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Moving to a new location is a theme encountered from the classics to contemporary genre. In a physical move, the hero leaves behind all that he or she has known. This can include family and friendships, a career and coworkers, hobbies or volunteer work, and the familiarity of home. That familiarity can extend to everything that affects a daily life, from the local grocery to a dentist to places the hero has passed every day without thought.

Vicki's Key

The move throws the hero into the unknown. Perhaps they move to a small town in pursuit of serenity, only to discover the house they move into is haunted—a theme which I used in Vicki’s Key. Moving can be found in horror, thrillers, suspense—but also in romance and comedy.


Regardless of the genre, the hero encounters the unexpected and may go through trials and tribulations before emerging on the other side, better for the experience they had undergone, because in the process they discovered strengths and talents and even renewed purpose.


My mother was born in Spring Hill, Tennessee long before the auto plant was built that caused the tiny town of 416 citizens to swell to more than 37,000. She was grown before their house had a telephone, and her grandparents that lived in the county never did get indoor plumbing. It was expected that my mother would never move but would live out her entire lifetime in that town of 416 (give or take a death or birth) much as her mother and her grandmother had.


But Mom married a man that would become an FBI Special Agent at a time when agents were transferred on a routine basis. By the time I came along, they were living in Washington, DC and over the next ten years we would move to Cleveland, Ohio, Waldwick and Washington Township, New Jersey, Monterey and Pacific Grove, California, and to the Mississippi Delta. The woman that was accustomed to living in a town where one could walk to all four points and literally where everyone knew her name found herself living in an apartment in downtown DC and homes in the north that were completely different from the culture where she had grown up.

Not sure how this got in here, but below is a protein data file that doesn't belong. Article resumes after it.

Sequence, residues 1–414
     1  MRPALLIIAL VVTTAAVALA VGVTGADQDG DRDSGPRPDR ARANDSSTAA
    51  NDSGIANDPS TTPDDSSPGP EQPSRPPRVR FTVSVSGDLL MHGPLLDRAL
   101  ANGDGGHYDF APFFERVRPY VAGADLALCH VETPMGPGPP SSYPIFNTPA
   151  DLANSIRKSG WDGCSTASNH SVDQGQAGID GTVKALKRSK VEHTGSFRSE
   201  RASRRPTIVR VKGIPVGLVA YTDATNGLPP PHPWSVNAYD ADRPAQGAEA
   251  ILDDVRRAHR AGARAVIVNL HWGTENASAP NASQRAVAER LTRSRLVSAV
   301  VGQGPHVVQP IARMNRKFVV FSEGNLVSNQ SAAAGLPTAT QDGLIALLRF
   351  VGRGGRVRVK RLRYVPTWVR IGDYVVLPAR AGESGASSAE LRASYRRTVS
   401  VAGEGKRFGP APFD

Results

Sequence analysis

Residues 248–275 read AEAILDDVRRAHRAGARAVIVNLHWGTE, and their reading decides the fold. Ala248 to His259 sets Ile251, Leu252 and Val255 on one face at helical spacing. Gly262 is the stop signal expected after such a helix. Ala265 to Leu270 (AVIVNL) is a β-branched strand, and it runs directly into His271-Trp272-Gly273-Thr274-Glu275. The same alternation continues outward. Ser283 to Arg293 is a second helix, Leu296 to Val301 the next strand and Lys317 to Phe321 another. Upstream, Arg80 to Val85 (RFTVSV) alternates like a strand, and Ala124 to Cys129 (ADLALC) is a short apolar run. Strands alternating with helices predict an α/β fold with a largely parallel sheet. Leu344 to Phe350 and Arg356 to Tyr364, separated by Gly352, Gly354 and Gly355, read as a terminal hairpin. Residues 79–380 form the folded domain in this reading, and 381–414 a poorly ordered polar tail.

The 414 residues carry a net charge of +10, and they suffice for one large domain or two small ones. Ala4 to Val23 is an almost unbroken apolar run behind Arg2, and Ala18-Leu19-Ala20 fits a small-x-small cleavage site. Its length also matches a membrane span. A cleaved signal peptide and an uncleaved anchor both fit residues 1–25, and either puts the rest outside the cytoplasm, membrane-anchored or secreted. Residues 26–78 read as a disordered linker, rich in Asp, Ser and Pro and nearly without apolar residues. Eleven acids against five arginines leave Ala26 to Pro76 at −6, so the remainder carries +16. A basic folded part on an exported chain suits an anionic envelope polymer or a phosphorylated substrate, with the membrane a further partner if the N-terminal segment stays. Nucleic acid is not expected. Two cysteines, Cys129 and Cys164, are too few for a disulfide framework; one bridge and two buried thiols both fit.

Butterfly ParadeI never experienced fear or trepidation when we were told we were moving, because my mother made every move into a game. Moving excited and invigorated her, and she passed those positive thoughts to her children. She treated each move like the new chapter that it was; knowing doors would open and our lives would be richer and deeper for the experience. Not every move was positive; apartment living with three young children and thin walls had to have been nerve-wracking for a young mother—but I remember how proud she was when she navigated a city bus with us one day, purely for the experience. And though I was convinced our home in Mississippi was haunted, she found the silver lining—and blamed my nightmares on Barnabas Collins.


As I look back at my moves, I remember participating in the Monarch Butterfly Parade in California; the swing set I loved in Cleveland and how tree roots buckled the sidewalks, which made walking them an adventure akin to Middle Earth. I remember Christmas in shorts on a California day, and Christmas bundled under so many layers that my elbows couldn’t bend in New Jersey.


And later, I would move alone from a sleepy town in the Mississippi Delta back to the place of my birth in Washington, DC, an experience I drew from when writing Kickback.


The heroes in books might relish the move, or they might seek to avert it, but when the book opens to find our hero heading for an unfamiliar place, we know whatever they find will forever transform them and make them into the people they eventually become.

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